Grading, ungrading and critical digital pedagogy
I just read this article in EdSurge by Jeffrey R. Young.
In this article, they discuss these different concepts with Jesse Stommel, director of teaching and learning technologies at the University of Mary Washington, and Martha Burtis, director of the Digital Knowledge Center at the University of Mary Washington. You find the article and can listen to the interview here. I’m sharing some of the highlights and in the end, it was the grading and ungrading that was the most interesting topic to me. That is why I have chosen to share most about grading. There were many takeaways for me here, especially the use of rubrics. Because I use rubrics in my learning platform, but even if I like using it they never seem to cover every student. That is why I like the way Jesse Stommel describes student made rubrics. That makes a lot more sense to me.
The word “critical” means to engage digital technology and our own teaching practices with one eyebrow always raised. And it’s not with one eyebrow always raised with critique, but one eyebrow raised with both critique and also curiosity—sort of a wonder and a marveling at this thing that we do when we come together as human beings and learn in an environment together.
Stommel; I find that grades are essentially a way of controlling students, and they’re a way of controlling the output that the teachers expect of students, even when that isn’t the intention of the teacher. Would I eliminate grades all together? Yes, I would eliminate grades all together. What we want is students to be engaged and thoughtful participants in their own learning. Grades are not helping us toward that.
Martha Burtis, The students will say, what do I need to do to get an A on this? And I’m like, well that’s because the language we’re speaking to them as languages of A’s, B’s, C’s, D’s and F’s, and so they’re simply trying to speak that language back to us. If we actually want to change that, if we actually want to change the way they talk to us about their learning, I think that means we have to change the thing that’s underpinning all of that, which is the grading, and the way in which that influences the practice in the classroom
How to Ungrade
If you’re a teacher and you hate grading, stop doing it. Wow, could it be that simple? In this article, Jesse Stommel talks about how to ungrade. This is how she does it:
Currently, I have students write self-reflections 2 – 3 times throughout the term. The first of these is usually more directed (with specific questions) than the last (which opens into something more like an essay). My goal is to help students develop their ability to do this kind of metacognitive work. Self-evaluation and metacognition are not easy, even for me, so I give students space to figure out how to do this work as they go.
Over many years, I’ve found that not grading begins a set of necessary conversations among my colleagues, between me and students, and among students in my classes. What students write to me in self-reflections and self-evaluations is profoundly different from the kinds of interactions we would have in a purely transactional system. Their self-evaluations (which I sometimes call “process letters”), and my responses to them, become a space of dialogue, not just about the course, but about their learning and about how learning happens. Not every interaction rises to that level but many do. What happens with almost every single student is that any assumption I might make about them is squashed by what they write about themselves and their work. My view of students as complex and deeply committed to their education is fueled by the thousands of self-reflection letters I’ve read throughout my career.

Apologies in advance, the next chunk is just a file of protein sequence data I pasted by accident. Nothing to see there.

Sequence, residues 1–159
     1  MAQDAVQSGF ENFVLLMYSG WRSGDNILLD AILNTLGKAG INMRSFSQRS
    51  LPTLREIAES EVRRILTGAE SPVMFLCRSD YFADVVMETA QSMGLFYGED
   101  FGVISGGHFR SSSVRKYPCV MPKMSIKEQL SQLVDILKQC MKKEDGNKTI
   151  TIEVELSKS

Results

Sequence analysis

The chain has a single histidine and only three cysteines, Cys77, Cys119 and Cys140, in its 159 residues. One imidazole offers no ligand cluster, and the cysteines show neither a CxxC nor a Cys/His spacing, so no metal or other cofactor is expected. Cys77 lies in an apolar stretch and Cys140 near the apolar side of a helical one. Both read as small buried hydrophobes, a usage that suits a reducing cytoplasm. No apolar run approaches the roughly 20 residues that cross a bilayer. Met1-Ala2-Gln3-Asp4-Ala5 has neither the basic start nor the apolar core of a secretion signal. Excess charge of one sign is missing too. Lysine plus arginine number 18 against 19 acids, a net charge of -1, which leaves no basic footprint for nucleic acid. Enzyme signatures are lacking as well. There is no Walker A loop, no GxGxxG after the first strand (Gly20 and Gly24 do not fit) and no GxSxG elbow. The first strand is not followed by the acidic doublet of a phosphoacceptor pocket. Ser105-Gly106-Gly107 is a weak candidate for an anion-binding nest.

At the end of the term, every institution where I’ve worked has required me to issue a final grade for students. So, I ask the students to grade themselves. I wish I didn’t have to do this. I wish the conversation I had with students could focus purely on authentic assessment, process, and formative feedback. But I have found that asking students to give themselves a grade also makes the why and how of grades a valuable subject of the conversations we have—valuable because they will go on to be graded in other courses and thinking critically about how and why grading happens helps that become more productive for them.
Grade Free Zones
Sometimes, it’s hard to imagine diving right into the deep end of ungrading, so try having the first 1/3 of the term be ungraded, a sandbox for students to experiment inside before moving on to the more formal activities of a course. Or decide to grade only a few major assignments.
If you’re only grading a few assignments, you may not feel like you have enough information to determine a final grade at the end of a course. I have students write process letters, describing their learning and how their work evolves over the term. This can be text, including (or linking to) representative examples of work they don’t otherwise turn in. You might also ask students to take pictures of their work as it evolves, add voiceover to a screencast, or I’ve had students shoot video for a film documenting their learning (a sort of behind the scenes reel for the class.
I’m really not a fan of rubrics. Alfie Kohn, in “The Trouble with Rubrics,” describes them as an “attempt to deny the subjectivity of human judgment.” Rubrics are often recommended as a way to make standards for evaluation transparent, but for me, a 5×5 grid filled with copious text is bewildering and inscrutable. Rubrics have never helped me make sense of grading or being graded. Peter Elbow encourages making rubrics plainer and more direct, a 3×3 or smaller grid. The rubrics I find most exciting are ones crafted by students—so that the making of the rubric becomes an act of learning itself rather than a mechanism (or set of assumptions) created entirely in advance of students arriving to a course.